The National Labor Relations Board issued a ruling last week that could clear the way for much more unionization of faculty members at private colleges and universities.
The ruling rejected the claims of Pacific Lutheran University that its full-time, non-tenure track faculty members are managerial employees and thus are not entitled to collective bargaining. In doing so, the NLRB offered a set of standards for evaluating whether faculty members are managerial as described by the U.S. Supreme Court in its 1980 ruling in NLRB v. Yeshiva University, a decision that has largely made unionization impossible for tenure-track faculty members at private colleges and universities.
Last week’s NLRB ruling suggested tools for evaluating whether private college faculty members have enough power to be considered managerial, and the standards set appear likely to be used by unions to say that faculty members at many private colleges — even those on the tenure track — aren’t managerial, and are thus entitled to unionize.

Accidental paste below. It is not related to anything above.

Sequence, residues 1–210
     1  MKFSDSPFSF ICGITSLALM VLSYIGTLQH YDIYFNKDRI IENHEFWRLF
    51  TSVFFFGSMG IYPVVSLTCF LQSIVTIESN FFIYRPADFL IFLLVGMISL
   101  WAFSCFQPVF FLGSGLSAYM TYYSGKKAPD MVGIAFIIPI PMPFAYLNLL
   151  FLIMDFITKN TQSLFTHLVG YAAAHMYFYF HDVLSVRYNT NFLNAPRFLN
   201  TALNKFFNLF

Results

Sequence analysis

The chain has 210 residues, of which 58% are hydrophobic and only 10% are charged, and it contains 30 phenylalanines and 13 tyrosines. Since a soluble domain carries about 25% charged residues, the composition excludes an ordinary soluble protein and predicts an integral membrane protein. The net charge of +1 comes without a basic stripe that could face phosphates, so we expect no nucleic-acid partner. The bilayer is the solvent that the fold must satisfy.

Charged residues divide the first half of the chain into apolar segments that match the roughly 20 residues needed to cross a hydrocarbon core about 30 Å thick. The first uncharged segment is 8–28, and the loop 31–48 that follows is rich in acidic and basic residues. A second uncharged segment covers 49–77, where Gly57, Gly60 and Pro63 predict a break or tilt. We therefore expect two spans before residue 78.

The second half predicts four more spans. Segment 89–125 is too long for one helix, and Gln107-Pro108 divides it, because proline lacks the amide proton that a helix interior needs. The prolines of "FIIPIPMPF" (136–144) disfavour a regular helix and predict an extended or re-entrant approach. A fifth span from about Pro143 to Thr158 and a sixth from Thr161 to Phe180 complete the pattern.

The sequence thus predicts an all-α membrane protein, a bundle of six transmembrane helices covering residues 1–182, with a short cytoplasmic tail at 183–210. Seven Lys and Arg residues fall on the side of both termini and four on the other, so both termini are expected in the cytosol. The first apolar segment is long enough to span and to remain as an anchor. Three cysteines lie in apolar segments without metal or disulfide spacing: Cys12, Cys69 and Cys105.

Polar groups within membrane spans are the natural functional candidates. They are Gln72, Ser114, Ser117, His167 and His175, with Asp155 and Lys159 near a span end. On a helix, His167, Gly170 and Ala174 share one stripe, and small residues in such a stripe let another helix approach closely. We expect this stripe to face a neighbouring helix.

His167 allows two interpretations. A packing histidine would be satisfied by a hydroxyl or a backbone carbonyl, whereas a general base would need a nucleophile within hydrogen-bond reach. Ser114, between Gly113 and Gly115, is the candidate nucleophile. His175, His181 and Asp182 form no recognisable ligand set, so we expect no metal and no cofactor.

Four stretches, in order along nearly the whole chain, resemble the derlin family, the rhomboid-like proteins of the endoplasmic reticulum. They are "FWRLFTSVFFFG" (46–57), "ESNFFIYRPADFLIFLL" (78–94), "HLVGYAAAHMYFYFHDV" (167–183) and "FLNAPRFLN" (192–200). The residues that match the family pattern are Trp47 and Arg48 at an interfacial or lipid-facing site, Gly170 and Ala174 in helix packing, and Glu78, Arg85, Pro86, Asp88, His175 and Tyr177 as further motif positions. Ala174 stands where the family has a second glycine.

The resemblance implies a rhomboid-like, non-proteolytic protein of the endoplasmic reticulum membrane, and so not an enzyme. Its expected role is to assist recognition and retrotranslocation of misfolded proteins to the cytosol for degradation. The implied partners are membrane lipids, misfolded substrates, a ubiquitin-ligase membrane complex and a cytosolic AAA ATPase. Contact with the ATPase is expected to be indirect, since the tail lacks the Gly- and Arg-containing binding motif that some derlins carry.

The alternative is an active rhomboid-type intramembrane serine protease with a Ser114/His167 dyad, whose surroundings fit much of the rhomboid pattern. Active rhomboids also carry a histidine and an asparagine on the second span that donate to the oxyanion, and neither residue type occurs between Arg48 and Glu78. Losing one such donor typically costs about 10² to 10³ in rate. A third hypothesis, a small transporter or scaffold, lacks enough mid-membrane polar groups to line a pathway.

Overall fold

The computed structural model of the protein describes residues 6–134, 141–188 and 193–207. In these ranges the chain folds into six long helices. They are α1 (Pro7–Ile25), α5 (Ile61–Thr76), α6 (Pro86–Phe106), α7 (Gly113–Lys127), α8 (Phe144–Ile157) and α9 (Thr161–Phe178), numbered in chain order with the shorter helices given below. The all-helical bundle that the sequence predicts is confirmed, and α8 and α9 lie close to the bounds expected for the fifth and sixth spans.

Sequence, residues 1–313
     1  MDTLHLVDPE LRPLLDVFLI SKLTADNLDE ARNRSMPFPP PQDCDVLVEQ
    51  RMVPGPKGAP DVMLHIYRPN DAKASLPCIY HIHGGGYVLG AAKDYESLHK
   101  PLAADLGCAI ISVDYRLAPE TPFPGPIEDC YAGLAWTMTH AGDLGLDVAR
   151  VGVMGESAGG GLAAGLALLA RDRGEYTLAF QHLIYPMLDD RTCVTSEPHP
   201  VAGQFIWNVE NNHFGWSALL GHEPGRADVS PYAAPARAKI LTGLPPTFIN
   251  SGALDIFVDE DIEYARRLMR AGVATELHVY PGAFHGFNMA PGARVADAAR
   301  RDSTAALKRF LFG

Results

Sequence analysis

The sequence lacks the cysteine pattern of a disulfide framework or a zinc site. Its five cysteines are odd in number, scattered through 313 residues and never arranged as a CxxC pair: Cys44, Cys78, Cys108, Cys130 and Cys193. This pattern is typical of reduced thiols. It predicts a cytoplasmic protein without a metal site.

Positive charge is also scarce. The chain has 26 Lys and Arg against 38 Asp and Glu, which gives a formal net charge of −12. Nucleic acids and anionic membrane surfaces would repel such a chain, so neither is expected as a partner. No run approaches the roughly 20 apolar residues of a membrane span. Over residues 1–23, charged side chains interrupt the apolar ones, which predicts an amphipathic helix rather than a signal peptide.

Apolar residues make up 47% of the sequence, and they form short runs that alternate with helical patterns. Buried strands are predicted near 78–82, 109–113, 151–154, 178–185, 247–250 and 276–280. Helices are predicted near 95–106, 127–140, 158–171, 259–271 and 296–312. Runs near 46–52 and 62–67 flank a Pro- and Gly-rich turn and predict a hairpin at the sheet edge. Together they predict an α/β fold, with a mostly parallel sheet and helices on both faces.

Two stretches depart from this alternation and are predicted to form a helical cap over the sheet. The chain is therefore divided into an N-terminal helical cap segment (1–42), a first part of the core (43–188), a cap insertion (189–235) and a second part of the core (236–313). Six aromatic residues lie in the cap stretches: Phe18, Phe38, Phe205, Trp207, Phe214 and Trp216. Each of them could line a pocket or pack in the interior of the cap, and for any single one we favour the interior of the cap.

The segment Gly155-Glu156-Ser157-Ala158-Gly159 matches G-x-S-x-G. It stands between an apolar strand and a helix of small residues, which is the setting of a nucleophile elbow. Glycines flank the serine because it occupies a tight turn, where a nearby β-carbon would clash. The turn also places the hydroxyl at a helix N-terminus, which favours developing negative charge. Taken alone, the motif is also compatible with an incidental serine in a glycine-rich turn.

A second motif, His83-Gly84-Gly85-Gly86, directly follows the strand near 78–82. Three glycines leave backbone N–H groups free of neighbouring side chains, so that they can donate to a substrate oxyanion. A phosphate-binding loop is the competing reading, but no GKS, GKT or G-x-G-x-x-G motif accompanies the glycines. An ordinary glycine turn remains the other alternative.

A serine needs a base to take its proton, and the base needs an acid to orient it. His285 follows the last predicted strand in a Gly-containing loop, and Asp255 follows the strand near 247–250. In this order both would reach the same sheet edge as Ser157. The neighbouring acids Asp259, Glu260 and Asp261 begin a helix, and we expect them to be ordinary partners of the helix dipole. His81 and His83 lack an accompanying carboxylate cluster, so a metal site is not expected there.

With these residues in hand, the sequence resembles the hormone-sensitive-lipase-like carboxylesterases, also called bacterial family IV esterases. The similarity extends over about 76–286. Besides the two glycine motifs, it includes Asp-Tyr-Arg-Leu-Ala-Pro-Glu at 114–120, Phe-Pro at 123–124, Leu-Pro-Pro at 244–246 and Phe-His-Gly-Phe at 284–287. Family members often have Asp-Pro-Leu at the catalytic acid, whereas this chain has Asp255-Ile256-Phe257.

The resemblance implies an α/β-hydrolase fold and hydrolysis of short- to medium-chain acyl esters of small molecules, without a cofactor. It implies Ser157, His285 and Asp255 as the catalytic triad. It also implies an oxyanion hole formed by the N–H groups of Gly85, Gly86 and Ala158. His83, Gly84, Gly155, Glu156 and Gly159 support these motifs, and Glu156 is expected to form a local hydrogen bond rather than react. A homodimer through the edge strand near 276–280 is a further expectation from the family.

Another part of the ruling said that just because a college is religious doesn’t mean that its faculty members can’t unionize. The NLRB said that a religious college would need to show that “it holds out the petitioned-for faculty members as performing a religious function. This requires a showing by the college or university that it holds out those faculty as performing a specific role in creating or maintaining the university’s religious educational environment.” The NLRB then cited facts about Pacific Lutheran that suggest its adjuncts (those who were seeking unionization there) aren’t performing religious work, and thus are entitled to unionization. That part of the ruling will now be applied to several other pending disputes over efforts to unionize adjuncts at religious colleges. And it may be difficult for those colleges to continue to block unionization…read more